Friday, March 30, 2012

Sunset on daylight saving time?

Lindsey Treffry | Argonaut 

If approved, a recent bill introduced to the Idaho legislature would exempt Idaho from participating in daylight saving time.

Sponsored by Democratic House Rep. Wendy Jaquet and other Republican representatives, the bill would encompass the entire state of Idaho — both Pacific and Mountain time zones.

“Idaho seems inclined to go its own way as regards (to) other federal practices, so this interest in HB 692 to exempt itself from what other states are doing seems fitting,” Moscow Mayor Nancy Chaney said. “I am skeptical that it will go very far this legislative session.”

For six months out of the year, areas like Coeur d’Alene and Spokane, as well as Moscow and Pullman, would be an hour apart.

“Locals would eventually adjust, although the many visitors to our universities might be baffled,” Chaney said.

The only states that disregard daylight saving time in the U.S. are Arizona and Hawaii.

Time zone confusions would include daycares and workplaces in the neighboring states, as well as Washington State University and University of Idaho students with cross-border farming jobs who would be required to wake at “obscenely early hours,” Chaney said.

UI Food Science major Jenny Lim said the last two years of her degree require classes at both WSU and UI, despite the school in which a student is registered. Travel between the two schools is constant.

“(Some Food Science majors) joked about that,” Lim said. “Because I think Idaho is (one of a few) split states where we have two different time zones. We were saying that would suck completely if we were under the Mountain Time zone, where it’s an hour ahead.”

Lim said the Food Science program recently switched registration processes and prospective majors have to register under both UI and WSU to enroll in desired classes.

Problems in border communities like ours would not be insurmountable and cross-listed class schedules at WSU and UI could be worked out Chaney said.

“(The time zone switch) would depend on the faculty and departments, for just figuring out scheduling and making sure that classes can’t overlap,” Lim said. “I can’t even imagine if one place is one hour ahead of the other.”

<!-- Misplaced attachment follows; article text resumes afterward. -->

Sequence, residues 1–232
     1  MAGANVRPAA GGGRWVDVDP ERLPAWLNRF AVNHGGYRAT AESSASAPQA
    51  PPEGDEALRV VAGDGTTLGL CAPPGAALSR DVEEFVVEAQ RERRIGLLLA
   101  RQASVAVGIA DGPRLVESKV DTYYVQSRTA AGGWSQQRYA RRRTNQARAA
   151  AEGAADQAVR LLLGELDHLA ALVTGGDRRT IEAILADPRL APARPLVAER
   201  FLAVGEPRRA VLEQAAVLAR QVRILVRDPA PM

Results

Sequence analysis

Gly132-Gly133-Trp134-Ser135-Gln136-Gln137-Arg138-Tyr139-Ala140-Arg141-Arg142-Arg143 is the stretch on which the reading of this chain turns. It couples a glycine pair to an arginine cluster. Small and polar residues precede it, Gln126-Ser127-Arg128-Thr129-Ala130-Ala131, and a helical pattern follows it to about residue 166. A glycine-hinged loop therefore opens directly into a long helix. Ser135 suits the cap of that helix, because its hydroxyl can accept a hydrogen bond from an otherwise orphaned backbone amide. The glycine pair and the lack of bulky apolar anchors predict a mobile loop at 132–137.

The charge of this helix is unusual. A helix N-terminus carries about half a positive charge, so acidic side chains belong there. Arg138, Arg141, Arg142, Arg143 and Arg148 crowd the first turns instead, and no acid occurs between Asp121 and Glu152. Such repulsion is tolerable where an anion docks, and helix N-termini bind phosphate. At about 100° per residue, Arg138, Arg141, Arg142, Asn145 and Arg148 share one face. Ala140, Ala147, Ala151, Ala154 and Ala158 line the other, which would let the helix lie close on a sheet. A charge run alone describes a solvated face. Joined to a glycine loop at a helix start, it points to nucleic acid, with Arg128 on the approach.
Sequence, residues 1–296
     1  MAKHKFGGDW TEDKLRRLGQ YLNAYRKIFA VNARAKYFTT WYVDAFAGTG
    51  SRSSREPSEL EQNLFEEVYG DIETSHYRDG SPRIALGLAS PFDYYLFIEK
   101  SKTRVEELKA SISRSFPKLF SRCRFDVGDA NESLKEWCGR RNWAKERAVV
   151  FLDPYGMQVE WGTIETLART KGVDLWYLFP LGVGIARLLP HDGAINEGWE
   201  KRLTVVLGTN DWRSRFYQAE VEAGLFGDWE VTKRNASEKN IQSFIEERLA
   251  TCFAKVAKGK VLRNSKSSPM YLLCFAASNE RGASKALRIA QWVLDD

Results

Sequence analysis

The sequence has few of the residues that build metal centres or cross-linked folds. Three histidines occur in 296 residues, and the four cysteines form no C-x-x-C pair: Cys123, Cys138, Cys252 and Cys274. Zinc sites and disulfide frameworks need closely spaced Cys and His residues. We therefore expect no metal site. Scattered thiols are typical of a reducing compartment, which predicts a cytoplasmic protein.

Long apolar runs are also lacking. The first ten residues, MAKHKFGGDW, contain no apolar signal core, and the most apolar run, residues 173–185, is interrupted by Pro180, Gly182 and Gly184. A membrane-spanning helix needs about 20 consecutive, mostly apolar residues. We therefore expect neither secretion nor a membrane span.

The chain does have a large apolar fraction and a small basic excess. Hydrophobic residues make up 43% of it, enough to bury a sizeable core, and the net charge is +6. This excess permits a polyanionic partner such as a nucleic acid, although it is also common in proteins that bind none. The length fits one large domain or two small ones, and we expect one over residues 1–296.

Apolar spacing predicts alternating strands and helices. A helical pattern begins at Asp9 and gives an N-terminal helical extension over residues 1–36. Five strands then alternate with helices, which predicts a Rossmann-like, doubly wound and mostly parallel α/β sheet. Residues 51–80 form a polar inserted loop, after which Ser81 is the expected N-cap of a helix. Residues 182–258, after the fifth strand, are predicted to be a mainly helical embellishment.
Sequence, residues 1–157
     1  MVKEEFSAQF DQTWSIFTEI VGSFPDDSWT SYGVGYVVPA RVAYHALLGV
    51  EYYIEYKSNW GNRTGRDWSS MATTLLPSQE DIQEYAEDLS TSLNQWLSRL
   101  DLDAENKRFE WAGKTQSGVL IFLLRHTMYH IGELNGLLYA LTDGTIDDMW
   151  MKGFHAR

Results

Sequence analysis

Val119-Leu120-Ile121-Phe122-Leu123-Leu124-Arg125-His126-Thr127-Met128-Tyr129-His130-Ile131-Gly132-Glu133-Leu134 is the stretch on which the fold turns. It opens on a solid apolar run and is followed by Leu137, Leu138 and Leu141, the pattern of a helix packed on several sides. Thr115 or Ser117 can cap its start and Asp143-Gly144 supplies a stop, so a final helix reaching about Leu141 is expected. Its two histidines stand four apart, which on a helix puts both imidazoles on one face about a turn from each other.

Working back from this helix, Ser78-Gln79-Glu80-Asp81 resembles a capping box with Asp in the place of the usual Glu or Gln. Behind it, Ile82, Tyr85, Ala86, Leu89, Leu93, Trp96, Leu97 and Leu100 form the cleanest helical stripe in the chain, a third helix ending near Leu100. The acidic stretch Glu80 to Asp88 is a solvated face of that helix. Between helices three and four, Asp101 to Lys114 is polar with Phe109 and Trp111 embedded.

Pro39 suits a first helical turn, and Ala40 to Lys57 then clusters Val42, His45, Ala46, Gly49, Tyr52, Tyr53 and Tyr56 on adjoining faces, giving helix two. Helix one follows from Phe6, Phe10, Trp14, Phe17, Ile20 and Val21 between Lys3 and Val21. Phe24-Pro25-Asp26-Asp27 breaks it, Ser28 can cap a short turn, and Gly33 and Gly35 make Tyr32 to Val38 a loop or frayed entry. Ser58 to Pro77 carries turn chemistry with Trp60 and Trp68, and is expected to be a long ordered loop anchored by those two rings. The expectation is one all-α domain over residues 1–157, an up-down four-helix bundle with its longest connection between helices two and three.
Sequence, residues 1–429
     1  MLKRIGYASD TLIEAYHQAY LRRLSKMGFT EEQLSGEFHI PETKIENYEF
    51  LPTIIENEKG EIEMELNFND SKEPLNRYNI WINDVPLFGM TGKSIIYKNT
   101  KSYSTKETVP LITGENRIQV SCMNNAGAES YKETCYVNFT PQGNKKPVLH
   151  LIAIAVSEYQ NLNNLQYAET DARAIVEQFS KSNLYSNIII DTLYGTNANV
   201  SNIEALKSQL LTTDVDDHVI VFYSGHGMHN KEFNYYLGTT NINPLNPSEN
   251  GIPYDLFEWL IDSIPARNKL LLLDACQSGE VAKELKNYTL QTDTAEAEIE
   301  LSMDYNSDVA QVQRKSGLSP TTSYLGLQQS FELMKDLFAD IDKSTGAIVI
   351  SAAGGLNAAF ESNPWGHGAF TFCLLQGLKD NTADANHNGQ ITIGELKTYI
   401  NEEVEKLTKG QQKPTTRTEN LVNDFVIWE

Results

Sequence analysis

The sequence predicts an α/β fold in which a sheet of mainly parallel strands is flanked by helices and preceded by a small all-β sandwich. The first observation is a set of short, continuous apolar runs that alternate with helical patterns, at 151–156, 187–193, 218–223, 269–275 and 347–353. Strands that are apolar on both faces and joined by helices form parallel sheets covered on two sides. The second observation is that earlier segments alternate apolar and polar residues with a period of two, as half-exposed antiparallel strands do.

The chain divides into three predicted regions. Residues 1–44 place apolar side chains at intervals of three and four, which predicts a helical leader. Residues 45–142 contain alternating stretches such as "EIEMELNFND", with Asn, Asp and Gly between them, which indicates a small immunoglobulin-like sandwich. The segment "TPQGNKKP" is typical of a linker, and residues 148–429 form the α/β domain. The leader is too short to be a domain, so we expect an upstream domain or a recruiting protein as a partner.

As seen in March 31 issue of the Argonaut.

Thursday, March 22, 2012

Stress, tests and tutors

Alyssa Creason sits in the back of the library knitting and waiting for the next student to arrive. On average, three students show up. On a bad day — none. Once, she had 22 students come to her table.

“It was the day before a final,” she said.

Creason is a University of Idaho psychology tutor, and has been for three semesters. She helps psychology students from all class levels during individual and drop-in tutoring sessions as part of the Tutoring and Academic Assistance Programs.

Philip Vukelich | Argonaut
TAAP is comprised of Student Support Services, Tutoring and College Success and Disability Support Services. SSS offers 250 financially limited, disabled or first-generation students individual tutoring services as part of a federal grant, while DSS offers accommodations, like note-taking and captioning, to students with documented disabilities.

TCS is where drop-in and small group tutoring comes in — free for any UI student.

“We’re here,” Creason said of tutors in the library. “We’re waiting.”

According to Sara Stout, TCS programs manager, any student can stop by the library on Monday, Tuesday, Wednesday, Thursday or Sunday for tutoring sessions.

Drop-in session topics range from Chinese to chemistry, from biology to economics and more. A pilot program called thinkTANK offers tutoring for engineering-specific classes Tuesday through Thursday in the Janssen Engineering Building.

Students can request any class topic for focus in small group tutoring and are not limited to the subjects offered by drop-ins.

“(Small group tutoring) is like a structured study group,” Stout said.

All individual, small group and drop-in tutors take part in a College Reading and Learning Association training certification program. Headed by TCS, Stout said, the certification ensures tutors are following FERPA guidelines, acting professionally and are empathetic and encouraging to students. While services are free, individual tutors are paid a minimum of $8 per hour, while small group and drop-in tutors are paid $12 per hour.